Q. Dr. Donia, in Karadzic's view, was there a critical moment when he believed that Alija Izetbegovic, the then elected president of Bosnia and Herzegovina, made a mistake that was fatal to Izetbegovic's cause?
A. Yes. Karadzic frequently turned to the agreement in principle that was reached on the 18th of March, 1992, as a critical moment which was a victory for the Bosnian Serb side and his own side, and a grave mistake by Izetbegovic.
Q. You've referred to a plan, I believe. What are you referring to?
A. The --
MR. PETROVIC: [Interpretation] Your Honours, I apologise for interrupting again. What is the source for the previous answer? What did Karadzic believe? What was the 18th March plan? We have encountered the same problem again.
JUDGE ORIE: Well, first of all, we'll hear what happened on the 18th of March which was mentioned by the witness as -- in answer to a 6545 question about a critical moment, was an agreement in principle, and --
MR. PETROVIC: [Interpretation] Your Honour --
JUDGE ORIE: And the next question now is what are you referring to, and the Chamber would like to know what exactly was there on the 18th of March.
MR. PETROVIC: [Interpretation] Your Honour, I agree. However, I don't understand why the Prosecutor has not shown more ambition. How come that a person who can and has drafted so many books didn't do that in his report? Why does this report have 399 footnotes and all of them concern the transcript? Why doesn't it contain what you have just mentioned? A report of this kind and a discussion based on such a report does not amount to much, does not lead anywhere as far as I can see it.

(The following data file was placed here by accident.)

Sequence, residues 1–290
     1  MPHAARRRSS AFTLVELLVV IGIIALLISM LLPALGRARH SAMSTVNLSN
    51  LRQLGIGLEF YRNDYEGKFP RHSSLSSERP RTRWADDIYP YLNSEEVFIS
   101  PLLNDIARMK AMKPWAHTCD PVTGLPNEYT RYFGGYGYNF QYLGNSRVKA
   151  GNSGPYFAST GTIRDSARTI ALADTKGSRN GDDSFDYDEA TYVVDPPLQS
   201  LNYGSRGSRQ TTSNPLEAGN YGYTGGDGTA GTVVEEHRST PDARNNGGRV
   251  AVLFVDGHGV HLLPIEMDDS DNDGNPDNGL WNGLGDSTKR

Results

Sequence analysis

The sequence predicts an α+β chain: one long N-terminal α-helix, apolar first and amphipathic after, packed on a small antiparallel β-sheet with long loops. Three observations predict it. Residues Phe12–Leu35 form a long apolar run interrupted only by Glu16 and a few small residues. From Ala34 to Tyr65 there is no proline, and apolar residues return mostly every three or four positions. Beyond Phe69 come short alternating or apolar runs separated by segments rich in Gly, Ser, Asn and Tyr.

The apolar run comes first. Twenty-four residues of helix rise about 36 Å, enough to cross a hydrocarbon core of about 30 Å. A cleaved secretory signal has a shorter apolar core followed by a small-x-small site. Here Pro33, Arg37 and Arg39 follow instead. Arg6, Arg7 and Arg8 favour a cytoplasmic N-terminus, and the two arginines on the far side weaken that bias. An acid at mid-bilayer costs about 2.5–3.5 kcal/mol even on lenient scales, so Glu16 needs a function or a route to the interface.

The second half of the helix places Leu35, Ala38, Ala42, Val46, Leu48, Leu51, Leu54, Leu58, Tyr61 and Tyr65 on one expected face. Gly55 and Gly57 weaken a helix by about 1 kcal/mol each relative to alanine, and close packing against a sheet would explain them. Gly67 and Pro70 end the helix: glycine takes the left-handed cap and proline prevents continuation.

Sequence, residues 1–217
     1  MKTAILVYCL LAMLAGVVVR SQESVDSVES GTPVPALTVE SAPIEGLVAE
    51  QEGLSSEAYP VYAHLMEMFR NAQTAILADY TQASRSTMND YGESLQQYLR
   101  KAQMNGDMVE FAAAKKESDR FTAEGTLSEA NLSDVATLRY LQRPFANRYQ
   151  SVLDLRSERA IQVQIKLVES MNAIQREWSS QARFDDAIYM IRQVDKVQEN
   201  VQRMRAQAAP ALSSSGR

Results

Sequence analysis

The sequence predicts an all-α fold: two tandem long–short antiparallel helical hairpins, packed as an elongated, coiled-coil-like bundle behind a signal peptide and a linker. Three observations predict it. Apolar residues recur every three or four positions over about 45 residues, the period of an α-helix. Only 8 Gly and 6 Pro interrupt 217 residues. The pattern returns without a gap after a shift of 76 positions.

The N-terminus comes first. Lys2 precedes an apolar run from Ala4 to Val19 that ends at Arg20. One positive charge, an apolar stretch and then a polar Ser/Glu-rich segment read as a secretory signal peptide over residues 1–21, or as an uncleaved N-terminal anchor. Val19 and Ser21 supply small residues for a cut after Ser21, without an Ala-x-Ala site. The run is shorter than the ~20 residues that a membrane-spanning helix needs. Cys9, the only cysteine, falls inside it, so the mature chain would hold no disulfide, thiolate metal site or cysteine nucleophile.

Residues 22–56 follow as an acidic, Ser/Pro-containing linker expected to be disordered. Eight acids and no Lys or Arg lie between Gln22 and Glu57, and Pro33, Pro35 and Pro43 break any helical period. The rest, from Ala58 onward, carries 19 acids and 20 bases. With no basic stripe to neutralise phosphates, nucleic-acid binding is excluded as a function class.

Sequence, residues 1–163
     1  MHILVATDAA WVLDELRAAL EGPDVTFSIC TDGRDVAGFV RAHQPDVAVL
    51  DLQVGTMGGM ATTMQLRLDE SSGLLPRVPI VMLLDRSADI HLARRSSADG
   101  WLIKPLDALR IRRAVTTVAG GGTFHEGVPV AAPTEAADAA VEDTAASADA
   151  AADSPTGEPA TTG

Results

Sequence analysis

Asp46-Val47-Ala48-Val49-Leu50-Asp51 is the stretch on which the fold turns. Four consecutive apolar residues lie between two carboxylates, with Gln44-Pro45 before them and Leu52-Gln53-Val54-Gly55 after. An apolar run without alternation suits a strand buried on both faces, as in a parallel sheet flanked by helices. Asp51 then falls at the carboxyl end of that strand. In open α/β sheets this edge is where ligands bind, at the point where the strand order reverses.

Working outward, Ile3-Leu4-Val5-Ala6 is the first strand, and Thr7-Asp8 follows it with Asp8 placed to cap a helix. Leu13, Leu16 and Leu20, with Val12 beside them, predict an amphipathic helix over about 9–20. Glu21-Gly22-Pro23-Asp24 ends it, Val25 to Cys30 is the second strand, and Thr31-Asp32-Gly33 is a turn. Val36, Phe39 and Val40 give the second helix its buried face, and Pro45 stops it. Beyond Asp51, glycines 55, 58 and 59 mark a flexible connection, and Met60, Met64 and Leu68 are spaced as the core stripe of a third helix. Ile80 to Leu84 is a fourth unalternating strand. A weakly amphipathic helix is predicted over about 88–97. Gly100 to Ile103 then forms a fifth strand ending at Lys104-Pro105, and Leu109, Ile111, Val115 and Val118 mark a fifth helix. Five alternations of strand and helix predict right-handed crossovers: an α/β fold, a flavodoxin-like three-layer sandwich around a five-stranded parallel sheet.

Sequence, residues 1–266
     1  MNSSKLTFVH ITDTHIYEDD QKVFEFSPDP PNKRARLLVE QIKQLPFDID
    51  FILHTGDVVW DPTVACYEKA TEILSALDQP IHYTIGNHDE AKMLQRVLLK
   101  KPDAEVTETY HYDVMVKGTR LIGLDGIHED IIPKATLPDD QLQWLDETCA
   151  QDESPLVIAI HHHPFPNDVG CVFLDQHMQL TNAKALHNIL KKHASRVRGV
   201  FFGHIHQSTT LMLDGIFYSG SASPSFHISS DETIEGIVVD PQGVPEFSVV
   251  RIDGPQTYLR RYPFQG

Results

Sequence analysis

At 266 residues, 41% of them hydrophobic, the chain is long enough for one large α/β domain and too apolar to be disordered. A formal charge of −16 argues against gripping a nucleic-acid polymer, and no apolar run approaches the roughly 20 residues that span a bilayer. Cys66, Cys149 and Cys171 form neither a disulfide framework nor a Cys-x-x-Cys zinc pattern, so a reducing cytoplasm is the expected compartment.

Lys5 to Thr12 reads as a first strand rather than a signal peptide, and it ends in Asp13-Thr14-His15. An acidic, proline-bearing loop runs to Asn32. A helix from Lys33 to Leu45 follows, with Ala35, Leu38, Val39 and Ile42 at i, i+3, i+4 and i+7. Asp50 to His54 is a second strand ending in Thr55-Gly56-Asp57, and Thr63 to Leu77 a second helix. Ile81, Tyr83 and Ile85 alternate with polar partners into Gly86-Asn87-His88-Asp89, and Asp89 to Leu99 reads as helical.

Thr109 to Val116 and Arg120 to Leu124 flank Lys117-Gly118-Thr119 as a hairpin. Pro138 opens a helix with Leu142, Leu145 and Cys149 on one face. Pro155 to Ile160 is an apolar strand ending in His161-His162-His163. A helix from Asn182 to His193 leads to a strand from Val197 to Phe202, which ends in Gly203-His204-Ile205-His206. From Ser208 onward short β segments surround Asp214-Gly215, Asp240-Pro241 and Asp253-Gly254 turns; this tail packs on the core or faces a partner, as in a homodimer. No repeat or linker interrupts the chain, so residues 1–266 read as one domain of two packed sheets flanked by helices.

JUDGE ORIE: Not having heard the answer of the expert, it is still unclear to the Chamber what is the link between the report and the excerpts presented in the report and what happened apparently on the 18th of March as a critical moment.
You said it was a principle agreement, you said it was a plan, Mr. Groome in your next question, but perhaps we hear from the witness whether it was a plan or what it was.
THE WITNESS: Yes. I don't have the specific paragraph in front of me to reference, but this is explained in the paragraph that I have excerpted from the -- from the Bosnian Assembly minutes.
JUDGE ORIE: It's perhaps -- do you have a paragraph in your mind. 6546
MR. GROOME: I was going to refer him in my next question to paragraph 69 of his report.
JUDGE ORIE: Then let's -- paragraph 69 refers to the 18th of March --
THE WITNESS: Yes.
JUDGE ORIE: Is that what you had on your mind? Perhaps you read it again.